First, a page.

Honors! Table of Contents
U.S. Military HONORS! Page-16

1 June 2004
And so they played "Taps" Monday
For Pat Tillman...  For all of them

Memorial Day was for all the Pat Tillmans
by Mike Lopresti

This article was copied from the 1 June 2004 RENO GAZETTE-JOURNAL

Word came down this Memorial Day weekend that Tillman was probably killed by his own troops in Afghanistan. Another mistake in the turmoil of war. Making the former NFL safety, I suppose it could be argued in the multimedia age, as famous a victim of friendly fire this country has had since Stonewall Jackson.

Monday was for all the lost from all the wars through all the years. And if Pat Tillmanís death splashed from the news section to the sports section with awful irony, then maybe Monday was a good day to remember that others did, too.

The fifth name on the list of Heisman winners is Iowa running back Nile Kinnick. When he accepted the trophy in the winter of 1939, Germany had overrun Poland, and was making plans for France.

"I thank God I was warring on the gridirons of the Midwest," Kinnick said in his speech, "and not the battlefields of Europe."

But World War II would eventually draw in many from the gridirons of the Midwest, and one was Kinnick, a Navy ensign who died in a crash landing in the Caribbean in 1943.

Now the football stadium at Iowa carries his name, so no one forgets.

But what of the long-lost plaque of Eddie Grant, a third baseman for the New York Giants in the 1913 World Series, shot down in the Argonne forest in France in 1918?
The plaque once stood in the Polo Grounds, in memory of the only major league player to die in combat in World War I. But it disappeared decades ago with the Polo Grounds, and is lost to history. As is Eddie Grant.

Bob Kalsu is a name on the wall at the Vietnam Memorial. He was an All-American tackle at Oklahoma and rookie guard for the Buffalo Bills and a family man, so maybe he could have found a way out when the Army called him up. In the 1960s, many did.

But he wanted to do his duty, and one July day in 1970, besieged with his artillery unit in a hostile and rocky place called Firebase Ripcord, Kalsu was killed by a mortar shell.

Two days later, his wife gave birth to their son, not knowing until an officer showed up at hospital room door that her husband had been killed.

In 2000, the Bills inducted Kalsu into their Hall of Fame, and on that day James Robert Kalsu Jr. wore the uniform of the father he never knew.

Then there was Hobey Baker, perhaps this countryís first great hockey player, who crashed days after the Armistice in 1918. And Hall of Fame pitcher Christy Mathewson, exposed to poison gas during a training accident in Europe during World War I after he volunteered to serve right from the managerís office of the Cincinnati Reds.

His lungs ruined for good, Mathewson was dead at 45 from tuberculosis.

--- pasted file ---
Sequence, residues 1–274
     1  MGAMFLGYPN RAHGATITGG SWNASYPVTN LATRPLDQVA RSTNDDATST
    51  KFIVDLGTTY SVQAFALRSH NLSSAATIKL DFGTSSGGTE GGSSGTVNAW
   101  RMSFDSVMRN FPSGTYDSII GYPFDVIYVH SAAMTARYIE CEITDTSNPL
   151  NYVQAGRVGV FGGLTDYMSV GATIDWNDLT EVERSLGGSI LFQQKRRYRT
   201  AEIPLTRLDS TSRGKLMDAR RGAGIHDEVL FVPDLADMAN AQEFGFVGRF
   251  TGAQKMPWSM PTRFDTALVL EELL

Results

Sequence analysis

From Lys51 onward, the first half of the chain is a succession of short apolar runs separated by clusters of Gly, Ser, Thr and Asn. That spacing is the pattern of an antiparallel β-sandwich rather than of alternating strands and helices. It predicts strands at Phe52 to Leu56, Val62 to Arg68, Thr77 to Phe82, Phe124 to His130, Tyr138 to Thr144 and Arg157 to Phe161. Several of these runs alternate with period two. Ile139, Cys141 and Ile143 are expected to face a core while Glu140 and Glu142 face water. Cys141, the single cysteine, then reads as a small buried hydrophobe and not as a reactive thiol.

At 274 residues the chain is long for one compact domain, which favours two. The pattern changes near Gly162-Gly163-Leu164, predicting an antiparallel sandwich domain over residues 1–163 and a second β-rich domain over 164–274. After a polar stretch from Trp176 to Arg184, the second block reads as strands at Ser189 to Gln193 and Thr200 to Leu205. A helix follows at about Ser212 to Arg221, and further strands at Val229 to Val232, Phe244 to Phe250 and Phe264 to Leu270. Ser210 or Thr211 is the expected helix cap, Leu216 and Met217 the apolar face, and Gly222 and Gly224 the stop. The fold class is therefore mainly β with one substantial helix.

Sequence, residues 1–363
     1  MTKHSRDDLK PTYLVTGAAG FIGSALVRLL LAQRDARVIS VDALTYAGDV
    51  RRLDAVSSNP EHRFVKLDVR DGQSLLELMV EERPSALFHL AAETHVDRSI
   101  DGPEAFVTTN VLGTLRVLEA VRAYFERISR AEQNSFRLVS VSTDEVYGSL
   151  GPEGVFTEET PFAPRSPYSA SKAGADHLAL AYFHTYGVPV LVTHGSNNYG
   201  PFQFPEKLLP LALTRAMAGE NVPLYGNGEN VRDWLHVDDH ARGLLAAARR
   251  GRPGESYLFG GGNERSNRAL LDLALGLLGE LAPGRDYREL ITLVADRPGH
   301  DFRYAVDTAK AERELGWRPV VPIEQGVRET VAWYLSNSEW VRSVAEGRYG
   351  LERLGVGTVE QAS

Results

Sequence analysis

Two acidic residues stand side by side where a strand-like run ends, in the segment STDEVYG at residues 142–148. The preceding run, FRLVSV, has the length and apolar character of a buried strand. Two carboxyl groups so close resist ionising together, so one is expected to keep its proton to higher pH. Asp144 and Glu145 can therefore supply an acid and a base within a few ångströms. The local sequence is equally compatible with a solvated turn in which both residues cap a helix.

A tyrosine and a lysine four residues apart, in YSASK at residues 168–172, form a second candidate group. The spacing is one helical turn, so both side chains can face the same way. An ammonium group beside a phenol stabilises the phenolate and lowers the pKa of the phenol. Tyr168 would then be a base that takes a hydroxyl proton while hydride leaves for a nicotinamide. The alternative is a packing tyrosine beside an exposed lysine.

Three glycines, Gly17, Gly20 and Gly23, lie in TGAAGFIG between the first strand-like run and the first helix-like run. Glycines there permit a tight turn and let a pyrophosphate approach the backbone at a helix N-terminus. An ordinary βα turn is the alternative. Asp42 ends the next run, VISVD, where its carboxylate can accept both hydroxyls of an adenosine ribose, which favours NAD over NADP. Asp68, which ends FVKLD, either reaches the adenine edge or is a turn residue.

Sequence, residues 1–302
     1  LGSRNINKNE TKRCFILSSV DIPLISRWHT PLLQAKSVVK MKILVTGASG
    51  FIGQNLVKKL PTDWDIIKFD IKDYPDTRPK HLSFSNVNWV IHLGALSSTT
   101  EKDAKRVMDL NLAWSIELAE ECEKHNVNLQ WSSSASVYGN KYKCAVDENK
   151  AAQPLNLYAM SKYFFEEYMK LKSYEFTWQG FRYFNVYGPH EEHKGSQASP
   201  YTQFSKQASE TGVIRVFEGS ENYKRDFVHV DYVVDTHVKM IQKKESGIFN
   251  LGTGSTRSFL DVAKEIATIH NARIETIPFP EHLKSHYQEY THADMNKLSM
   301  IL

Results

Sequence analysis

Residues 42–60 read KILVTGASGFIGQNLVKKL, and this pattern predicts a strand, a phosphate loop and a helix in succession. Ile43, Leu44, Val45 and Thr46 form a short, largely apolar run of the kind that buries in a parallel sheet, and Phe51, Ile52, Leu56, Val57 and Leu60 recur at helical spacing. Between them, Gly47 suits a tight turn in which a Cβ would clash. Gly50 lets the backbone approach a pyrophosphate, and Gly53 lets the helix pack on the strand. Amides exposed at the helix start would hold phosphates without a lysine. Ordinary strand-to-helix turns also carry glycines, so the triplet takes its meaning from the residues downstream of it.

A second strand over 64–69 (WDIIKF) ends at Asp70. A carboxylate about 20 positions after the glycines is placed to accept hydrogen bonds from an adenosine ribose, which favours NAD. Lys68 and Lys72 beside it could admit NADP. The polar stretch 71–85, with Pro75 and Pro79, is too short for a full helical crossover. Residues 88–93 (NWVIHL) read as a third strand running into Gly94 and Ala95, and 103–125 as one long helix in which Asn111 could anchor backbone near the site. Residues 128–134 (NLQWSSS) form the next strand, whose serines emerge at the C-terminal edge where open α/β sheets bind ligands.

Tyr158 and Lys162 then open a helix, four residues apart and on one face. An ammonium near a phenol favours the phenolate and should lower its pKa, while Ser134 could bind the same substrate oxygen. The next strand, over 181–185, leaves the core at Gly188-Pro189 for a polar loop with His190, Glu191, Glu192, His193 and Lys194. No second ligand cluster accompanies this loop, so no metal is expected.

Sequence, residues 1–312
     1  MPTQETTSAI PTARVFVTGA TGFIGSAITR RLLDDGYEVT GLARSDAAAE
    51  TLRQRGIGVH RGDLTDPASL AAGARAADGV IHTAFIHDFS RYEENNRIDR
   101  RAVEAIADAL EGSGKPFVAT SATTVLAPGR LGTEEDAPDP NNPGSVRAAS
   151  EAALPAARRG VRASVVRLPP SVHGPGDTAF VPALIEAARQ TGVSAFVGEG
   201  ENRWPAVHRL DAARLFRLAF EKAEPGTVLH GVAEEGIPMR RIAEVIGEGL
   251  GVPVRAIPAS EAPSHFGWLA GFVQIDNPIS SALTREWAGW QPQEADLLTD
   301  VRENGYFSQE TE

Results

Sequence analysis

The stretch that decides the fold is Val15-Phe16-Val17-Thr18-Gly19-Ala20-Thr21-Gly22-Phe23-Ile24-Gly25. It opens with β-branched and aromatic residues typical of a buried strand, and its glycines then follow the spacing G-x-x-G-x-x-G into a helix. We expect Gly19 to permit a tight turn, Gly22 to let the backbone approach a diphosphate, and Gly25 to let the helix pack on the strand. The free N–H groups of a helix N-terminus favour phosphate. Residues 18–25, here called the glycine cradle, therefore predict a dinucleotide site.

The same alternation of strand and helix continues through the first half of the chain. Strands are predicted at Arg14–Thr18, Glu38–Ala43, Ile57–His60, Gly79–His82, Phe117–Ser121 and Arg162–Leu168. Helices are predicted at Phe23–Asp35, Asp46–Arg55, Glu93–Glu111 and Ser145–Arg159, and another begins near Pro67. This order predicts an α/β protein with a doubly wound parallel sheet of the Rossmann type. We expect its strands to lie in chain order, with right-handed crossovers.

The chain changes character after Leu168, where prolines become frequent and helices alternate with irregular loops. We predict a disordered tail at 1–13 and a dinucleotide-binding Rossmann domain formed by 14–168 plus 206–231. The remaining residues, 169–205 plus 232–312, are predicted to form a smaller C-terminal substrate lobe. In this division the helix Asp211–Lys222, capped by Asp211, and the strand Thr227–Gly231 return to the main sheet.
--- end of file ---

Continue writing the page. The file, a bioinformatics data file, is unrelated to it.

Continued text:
Tillmanís sacrifice, so publicly poignant when the word first came, is even more so now. The big headlines, it turns out, were all about an error.

It is a heartrending twist to the tale. But then, canít that be said about all of them, the ones who fell for us? The hundreds of minor leaguers killed in World War II without notice. Those who were playing in the Army-Navy game one moment, and in battle the next, and never came back.

Memorial Day was for all the Pat Tillmans. And a reminder that no soldier dies without his or her own story.

Mike Lopresti is a columnist for Gannett News Service.

End ///Reno Gazette-Journal article

.Edward Leslie "Harvard Eddie" Grant

Born 21 May, 1883
KIA  5 October 1918 in Argonne Forest, France
Eddie Grant was a Harvard graduate who played 10 years in the Majors. After a three hit debut with the Cleveland Naps of the American League, he went to the minors. He reappeared with the 1907 Phillies, and took over as leadoff batter in 1908, leading the NL in at-bats in 1908 and 1909.

Grant became a fine-fielding third baseman, fast on the bases and dependable in the clutch. In 1915, after two-and-a-half seasons with the Giants, where he was a favorite of John McGraw, he retired to practice law in New York City.

When war was declared on Germany, he joined the 307th Infantry Regiment, 77th Infantry Division, entering the service from New York. He was leading a mission in the Argonne Forest to rescue the "Lost Battalion" when he was killed by German shell fire. He became one of three Major League players killed in World War I.

Find more... Lost Battalion information links via Google Search.

(On 30 May 1921) A monument to Eddie Grant's memory was placed in centerfield in the Polo Grounds' in New York. Each Memorial Day there was a wreath-laying ceremony at his plaque.

Image left: Grant in Officers Training at Plattsburgh, NY

Text and image this section are from

The best and most detailed Eddie Grant article found on the internet is featured in the October 2004 on-line Smithsonian Magazine (and also in their print magazine).  It is titled Ultimate Sacrifice.  Access to the full text article - in PDF format - is provided at that website.

Eddie Grant is buried at the: Meuse-Argonne American Cemetery
>>> Large image (from ABMC website) of cemetery

Link to Eddie Grant bibliography is HERE

For baseball history buffs, here are more links relevant to the Eddie Grant story including historical information about the Polo Grounds (Brush Stadium) and the NY Giants, including interesting info about Coogan's Bluff


The Eddie Grant plaque can be seen below the "483 FT" sign
The plaque "allegedly" is now stored in California
This picture shows Willie Mays' catch of Vic Wertz's drive in the opening

game of the 1954 World Series at the Polo Grounds in NYC.
Image was copied from HERE